If you know me in real life you know that I grew up in a pretty homogenized community. Everyone I knew lived on a street like mine in a house like mine with some pets or siblings and two parents. We might have occasionally fought with our parents but we loved them, they loved us, [...]
If you know me in real life you know that I grew up in a pretty homogenized community. Everyone I knew lived on a street like mine in a house like mine with some pets or siblings and two parents. We might have occasionally fought with our parents but we loved them, they loved us, and they were always there. When I was a kid I thought everyone’s life was like this.
When I got older and became boy crazy started going to all-ages parties and meeting people who didn’t come from a place called Whitehills I began to realize something weird – a lot of these people didn’t have dads in their houses. Or they didn’t know where their dads were. Or they hated them. Then I started to get that my little milquetoast world was a bit of an aberration.
Back then (as now) my friends and I would date guys and the guys would do effed up things – blow us off, cheat on us, refuse to talk about their feelings, the usual dumb stuff guys do. But no matter what the guy of the moment did, the explanation was always a variation on a theme; his father left him so he doesn’t trust anyone. Or he grew up with a single mother so he doesn’t see the value of relationships. Or his father left him and he never got over the hurt so he cut himself off from feeling anything for anyone ever.
The thing was that whether the explanation came from a reassuring girlfriend trying to pat me down after a boy did something mean to me or from the offender himself trying to explain his shitty behaviour, it always did two things to me: left me feeling sad/guilty and left me feeling like my hands were tied. Because really, when someone tells you that they don’t know how to treat you properly because they didn’t receive proper treatment from a parent, what can a girl who is blessed to have a father who loves me like crazy and is always there for me really say? Get over it? Not a good enough excuse? There’s really nothing to say to that and it kinda left me feeling like I hadn’t a leg to stand on.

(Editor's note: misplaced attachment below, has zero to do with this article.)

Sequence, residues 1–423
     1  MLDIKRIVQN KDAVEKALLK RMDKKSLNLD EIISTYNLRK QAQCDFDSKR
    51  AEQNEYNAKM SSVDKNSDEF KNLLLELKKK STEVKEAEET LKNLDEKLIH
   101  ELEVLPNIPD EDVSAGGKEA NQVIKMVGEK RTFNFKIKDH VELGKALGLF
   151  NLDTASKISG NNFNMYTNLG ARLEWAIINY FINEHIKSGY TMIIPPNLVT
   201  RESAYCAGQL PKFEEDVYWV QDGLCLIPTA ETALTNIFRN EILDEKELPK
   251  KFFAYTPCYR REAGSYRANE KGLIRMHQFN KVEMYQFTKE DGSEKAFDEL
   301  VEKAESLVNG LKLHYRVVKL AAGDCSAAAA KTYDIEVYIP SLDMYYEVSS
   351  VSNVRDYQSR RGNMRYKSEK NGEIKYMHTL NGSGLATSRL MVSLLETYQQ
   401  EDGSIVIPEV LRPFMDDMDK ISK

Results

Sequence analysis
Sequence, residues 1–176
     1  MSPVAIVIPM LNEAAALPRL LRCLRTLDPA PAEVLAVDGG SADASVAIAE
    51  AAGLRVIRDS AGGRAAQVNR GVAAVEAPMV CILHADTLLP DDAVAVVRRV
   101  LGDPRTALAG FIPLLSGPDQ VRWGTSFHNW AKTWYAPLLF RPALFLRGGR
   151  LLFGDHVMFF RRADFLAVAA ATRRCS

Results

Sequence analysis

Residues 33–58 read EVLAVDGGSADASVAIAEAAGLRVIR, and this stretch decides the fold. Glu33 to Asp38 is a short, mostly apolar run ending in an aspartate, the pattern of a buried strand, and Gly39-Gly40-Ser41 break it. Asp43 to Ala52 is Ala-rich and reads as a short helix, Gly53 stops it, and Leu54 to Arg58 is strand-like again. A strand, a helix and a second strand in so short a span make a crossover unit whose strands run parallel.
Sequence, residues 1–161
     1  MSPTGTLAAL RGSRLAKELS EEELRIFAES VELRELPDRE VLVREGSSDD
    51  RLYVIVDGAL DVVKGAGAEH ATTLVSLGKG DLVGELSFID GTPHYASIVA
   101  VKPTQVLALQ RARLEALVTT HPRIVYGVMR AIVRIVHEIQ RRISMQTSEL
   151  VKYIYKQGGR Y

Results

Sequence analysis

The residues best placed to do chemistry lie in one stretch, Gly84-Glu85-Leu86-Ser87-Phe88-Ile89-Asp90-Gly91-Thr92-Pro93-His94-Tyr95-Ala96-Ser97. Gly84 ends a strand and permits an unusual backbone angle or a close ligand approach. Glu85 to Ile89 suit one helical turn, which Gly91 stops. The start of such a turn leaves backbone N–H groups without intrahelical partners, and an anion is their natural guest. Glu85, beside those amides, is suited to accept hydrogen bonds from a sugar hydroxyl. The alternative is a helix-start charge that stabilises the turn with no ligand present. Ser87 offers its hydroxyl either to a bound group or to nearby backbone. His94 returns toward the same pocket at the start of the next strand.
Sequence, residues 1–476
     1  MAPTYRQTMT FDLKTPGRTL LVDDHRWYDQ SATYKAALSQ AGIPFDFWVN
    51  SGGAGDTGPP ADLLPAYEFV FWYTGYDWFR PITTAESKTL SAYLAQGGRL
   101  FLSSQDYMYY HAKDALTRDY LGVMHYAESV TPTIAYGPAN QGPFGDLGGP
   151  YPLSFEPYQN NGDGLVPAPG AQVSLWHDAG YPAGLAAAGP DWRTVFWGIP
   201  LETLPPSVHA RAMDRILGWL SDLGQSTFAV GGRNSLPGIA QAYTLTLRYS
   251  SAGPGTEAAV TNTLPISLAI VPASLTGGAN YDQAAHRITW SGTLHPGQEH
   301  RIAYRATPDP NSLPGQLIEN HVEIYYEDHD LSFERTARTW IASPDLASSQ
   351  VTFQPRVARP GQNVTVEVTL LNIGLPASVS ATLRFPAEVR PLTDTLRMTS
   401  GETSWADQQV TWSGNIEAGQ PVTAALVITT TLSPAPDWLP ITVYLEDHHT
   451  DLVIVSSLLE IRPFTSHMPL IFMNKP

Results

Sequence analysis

Anyway, I hit my twenties and moved away from home. And whereas as a child everyone I knew grew up in a home with two parents it seemed that suddenly no one I knew did. So much so that these days when I hear a man say “my dad” it throws me off in the same way that hearing him say “my ovaries” would – it seems wrong. But even though the phenomenon of “fatherless men” seems to have become the norm, the correlation between it and egregious behaviour no longer seems to exist. Or at least no one’s talking about it.
Why is that though? Are we too old now to accredit our behaviour to our less-than-ideal childhoods? Or is it just so obvious that no one needs to point it out anymore?
Unlike my normal posts, I have no firm opinion to foist on you to share on this one…I’m just interested in hearing everyone’s thoughts.
So what do you guys think – is it only the presence or absence of our fathers that impacts our behaviour in relationships or can I pin some of my shit on Mummy does everything in our childhoods dictate our choices in relationships? Like I said I’m lucky to have a great dad that I adore, but his greatness is definitely not reflected in the relationship choices I make, so does that mean that we’re only affected by “bad” dads?
Speak on it in the comments.